Full service

00:00 Introduction
00:45 Prayer
Song: 10,000 Reasons
04:54 Children’s talk (with thanks to Kidswise; see also Big Picture Bible Crafts #39)
Song: The Old Black Crow
08:48 The Persecuted Church
Song: To God be the Glory
12:00 Bible reading: Matthew 6:26-34
Song: The Servant King
13:17 Bible reading: 1 Kings 17:2-7
14:12 Sermon: 1 Kings 17:2-7
38:07 Closing

‘Elijah, the King and the king’ (1 Kings 16:29-17:1)

There have been many people who have shot to fame (and so to the limelight) out of obscurity. In the Scriptures, Elijah the prophet is one such man. Not much is known about Elijah’s past except to say that he was from the town of Tishbe. Not much is known about his calling to be a prophet, but according to 1 Kings 16:29-17:1, we do know that his call to be a prophet brought him into the presence of Ahab, king of Israel.  He could do that, of course, because Elijah knew how to stand before Israel’s true King.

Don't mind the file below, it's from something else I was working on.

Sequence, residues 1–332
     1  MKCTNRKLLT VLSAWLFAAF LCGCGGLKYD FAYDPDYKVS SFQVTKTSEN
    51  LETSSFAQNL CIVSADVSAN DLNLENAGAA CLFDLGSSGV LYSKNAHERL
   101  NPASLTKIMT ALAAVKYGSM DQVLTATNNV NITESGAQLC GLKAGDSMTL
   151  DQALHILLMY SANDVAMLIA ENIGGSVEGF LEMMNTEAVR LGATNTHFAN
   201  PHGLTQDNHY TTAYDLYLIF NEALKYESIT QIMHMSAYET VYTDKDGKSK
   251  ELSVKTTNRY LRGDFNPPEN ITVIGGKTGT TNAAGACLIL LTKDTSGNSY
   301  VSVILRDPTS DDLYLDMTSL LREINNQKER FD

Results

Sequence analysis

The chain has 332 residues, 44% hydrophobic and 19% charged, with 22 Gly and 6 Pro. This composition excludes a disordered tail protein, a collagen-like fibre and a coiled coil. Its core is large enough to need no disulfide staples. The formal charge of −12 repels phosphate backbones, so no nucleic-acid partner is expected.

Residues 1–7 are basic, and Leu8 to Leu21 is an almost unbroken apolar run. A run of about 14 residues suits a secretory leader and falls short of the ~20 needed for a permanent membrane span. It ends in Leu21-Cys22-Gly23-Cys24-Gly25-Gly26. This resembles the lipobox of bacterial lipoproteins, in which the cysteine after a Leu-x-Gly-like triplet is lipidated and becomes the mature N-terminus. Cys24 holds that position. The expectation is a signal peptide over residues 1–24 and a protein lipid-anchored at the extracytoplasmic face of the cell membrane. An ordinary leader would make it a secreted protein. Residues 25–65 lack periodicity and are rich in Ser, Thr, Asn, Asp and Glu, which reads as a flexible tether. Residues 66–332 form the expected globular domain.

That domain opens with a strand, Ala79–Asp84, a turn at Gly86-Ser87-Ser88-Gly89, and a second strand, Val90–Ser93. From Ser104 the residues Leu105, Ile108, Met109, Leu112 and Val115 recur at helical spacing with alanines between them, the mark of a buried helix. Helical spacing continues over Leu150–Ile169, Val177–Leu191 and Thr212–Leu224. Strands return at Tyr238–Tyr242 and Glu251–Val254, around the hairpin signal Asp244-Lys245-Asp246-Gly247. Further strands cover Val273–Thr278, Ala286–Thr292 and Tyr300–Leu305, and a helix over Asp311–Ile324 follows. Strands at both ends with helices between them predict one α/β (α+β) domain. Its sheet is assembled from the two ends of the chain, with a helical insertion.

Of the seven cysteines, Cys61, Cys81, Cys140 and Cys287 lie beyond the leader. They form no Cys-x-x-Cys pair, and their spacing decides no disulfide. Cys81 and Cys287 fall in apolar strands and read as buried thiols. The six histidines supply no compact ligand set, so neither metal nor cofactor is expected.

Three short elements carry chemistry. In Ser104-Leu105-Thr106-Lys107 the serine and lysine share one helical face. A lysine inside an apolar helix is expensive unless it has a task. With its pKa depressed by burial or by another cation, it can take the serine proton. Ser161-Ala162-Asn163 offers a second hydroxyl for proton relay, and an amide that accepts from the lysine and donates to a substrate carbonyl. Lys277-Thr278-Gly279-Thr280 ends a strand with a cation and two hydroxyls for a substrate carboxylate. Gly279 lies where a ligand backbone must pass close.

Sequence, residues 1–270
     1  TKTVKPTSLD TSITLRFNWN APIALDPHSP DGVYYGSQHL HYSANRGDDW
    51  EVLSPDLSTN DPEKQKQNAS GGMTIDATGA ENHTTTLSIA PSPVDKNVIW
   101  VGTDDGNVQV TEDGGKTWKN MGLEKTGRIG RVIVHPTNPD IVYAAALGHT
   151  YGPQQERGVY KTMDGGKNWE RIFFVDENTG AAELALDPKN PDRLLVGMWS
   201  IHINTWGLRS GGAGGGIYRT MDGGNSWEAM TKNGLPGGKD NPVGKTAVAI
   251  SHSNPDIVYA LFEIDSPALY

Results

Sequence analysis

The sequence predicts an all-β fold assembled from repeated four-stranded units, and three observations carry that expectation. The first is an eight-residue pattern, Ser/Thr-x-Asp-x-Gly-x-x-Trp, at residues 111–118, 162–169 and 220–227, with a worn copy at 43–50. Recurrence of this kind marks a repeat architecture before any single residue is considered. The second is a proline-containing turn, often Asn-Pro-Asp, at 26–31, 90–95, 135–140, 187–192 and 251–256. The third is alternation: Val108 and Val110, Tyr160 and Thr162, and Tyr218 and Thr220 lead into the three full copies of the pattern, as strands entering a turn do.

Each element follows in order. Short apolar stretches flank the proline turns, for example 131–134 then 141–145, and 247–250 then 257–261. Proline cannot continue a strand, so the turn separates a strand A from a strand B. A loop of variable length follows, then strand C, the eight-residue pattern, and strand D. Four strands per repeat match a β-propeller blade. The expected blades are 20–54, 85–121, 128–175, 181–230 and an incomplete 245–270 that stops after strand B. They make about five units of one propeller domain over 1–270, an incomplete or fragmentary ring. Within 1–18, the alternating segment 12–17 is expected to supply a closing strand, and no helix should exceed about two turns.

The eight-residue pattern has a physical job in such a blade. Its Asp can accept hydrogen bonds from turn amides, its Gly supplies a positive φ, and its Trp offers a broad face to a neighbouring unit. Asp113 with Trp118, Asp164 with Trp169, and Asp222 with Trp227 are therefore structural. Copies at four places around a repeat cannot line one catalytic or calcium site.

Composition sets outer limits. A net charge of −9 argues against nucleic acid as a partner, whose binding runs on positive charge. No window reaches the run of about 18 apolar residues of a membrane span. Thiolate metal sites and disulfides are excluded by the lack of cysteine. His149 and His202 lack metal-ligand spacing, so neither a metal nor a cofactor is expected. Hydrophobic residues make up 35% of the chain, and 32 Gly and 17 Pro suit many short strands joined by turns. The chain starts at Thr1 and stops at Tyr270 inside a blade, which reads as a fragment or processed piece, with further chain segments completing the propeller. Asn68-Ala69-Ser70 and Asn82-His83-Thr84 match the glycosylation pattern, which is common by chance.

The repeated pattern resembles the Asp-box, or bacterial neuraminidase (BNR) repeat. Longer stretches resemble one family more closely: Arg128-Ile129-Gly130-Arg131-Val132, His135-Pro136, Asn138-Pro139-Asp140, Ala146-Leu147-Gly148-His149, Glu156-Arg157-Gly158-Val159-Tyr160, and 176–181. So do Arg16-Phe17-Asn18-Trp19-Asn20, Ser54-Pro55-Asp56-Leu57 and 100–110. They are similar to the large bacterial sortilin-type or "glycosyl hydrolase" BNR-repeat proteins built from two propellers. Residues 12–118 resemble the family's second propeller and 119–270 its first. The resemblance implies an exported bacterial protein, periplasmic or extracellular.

Full service

00:00 Introduction
Song: Crown Him with Many Crowns
00:37 Prayer
04:54 Children’s talk (with thanks to Kidswise; see also Big Picture Bible Crafts #39)
Song: God Never Says Oops
08:26 The Persecuted Church
11:19 Bible reading: John 1:19-30
Song: O Lord My Rock and My Redeemer
13:00 Bible reading: 1 Kings 16:29-17:1
14:17 Sermon: 1 Kings 16:29-17:1
Song: In Christ Alone
37:59 Closing